Scented winter blossom attractive to early bees. Dark berries attractive to birds and sharp prickles unattractive to trespassers are just three of the reasons to grow Mahonia.
Flowering early this year this spiky shrub is renown for its winter blossom. On a still winters day the yellow flowers give off a delicate scent.
What You need to know about Mahonia
- Growing to around 4 foot these evergreen shrubs give all year around interest.
- I grow mine in an acid soil with Rhododendrons but they seem happy in all soils.
- The spiky leaves make them a deterrent to intruders when planted in a mixed hedge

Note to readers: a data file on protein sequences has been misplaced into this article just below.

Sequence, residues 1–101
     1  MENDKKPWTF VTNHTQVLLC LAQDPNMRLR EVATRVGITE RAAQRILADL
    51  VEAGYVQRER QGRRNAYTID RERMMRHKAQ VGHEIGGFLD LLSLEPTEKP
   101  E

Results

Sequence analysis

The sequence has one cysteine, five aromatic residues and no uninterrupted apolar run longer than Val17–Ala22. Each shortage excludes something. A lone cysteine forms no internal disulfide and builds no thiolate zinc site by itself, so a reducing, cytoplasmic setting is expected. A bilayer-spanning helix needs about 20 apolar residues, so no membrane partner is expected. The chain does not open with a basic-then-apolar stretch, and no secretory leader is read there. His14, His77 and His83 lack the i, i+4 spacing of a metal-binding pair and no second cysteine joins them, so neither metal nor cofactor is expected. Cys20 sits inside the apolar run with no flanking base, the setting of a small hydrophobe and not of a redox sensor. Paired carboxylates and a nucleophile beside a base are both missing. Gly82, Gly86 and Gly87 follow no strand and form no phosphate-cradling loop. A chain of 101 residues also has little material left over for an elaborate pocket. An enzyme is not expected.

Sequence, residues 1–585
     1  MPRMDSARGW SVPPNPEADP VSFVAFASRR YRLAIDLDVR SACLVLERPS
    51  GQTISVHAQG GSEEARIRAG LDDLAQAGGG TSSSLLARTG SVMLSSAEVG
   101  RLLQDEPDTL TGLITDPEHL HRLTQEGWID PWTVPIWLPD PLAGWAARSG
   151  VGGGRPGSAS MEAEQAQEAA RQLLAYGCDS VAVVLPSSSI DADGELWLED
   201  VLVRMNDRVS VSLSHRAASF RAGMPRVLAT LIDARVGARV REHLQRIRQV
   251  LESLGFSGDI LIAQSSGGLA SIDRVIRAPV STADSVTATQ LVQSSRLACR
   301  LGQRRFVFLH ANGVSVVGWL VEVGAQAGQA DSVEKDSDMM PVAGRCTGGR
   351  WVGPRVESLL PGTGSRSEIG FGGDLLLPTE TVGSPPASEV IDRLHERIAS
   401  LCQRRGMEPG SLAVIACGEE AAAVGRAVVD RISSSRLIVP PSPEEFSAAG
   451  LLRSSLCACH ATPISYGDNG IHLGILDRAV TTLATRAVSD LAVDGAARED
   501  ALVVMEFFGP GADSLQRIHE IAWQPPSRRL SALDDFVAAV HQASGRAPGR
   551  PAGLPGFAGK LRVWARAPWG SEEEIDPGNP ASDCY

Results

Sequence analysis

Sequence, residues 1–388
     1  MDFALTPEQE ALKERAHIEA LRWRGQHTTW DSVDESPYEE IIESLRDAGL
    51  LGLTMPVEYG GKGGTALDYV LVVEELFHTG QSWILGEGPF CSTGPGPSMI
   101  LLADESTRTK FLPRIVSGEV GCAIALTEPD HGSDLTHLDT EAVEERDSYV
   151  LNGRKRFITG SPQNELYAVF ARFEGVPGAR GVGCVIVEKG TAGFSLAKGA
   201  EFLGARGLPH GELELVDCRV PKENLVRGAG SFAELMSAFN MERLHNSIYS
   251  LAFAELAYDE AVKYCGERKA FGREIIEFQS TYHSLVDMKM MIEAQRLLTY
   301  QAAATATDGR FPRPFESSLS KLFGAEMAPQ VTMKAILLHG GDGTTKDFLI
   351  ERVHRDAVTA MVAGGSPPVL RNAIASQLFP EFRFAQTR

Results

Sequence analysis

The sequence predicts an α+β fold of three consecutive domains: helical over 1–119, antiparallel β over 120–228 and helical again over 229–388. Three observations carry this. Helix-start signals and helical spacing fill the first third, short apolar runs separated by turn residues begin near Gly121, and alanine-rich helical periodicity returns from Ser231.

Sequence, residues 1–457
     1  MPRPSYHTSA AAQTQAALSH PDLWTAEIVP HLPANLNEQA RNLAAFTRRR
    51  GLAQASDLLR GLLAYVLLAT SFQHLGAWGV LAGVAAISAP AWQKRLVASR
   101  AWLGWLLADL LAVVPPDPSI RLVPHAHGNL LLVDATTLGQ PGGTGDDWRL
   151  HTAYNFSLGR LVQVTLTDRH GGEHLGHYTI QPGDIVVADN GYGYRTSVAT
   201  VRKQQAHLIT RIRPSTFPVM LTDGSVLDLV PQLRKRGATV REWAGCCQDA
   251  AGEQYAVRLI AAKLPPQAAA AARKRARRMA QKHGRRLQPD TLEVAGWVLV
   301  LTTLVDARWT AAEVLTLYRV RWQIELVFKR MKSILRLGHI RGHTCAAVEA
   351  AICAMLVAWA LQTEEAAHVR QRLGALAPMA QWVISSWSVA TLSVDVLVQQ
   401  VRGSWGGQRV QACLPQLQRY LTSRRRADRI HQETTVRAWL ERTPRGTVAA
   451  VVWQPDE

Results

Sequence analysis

- There are several varieties so try see your purchase in bloom.
- The stems do not have spines but the leaves make up for this.
- After flowering there are black berries loved by our local birds.
Names and Named Varieties
Mahonia Japonica and Mahonia aquifolium are species to watchout for.
Mahonia nervosa is a low growing species, Creeping Oregon grape is called Mahonia repens.
The berries give rise to the name ‘Oregon Grape’ for the Mahonia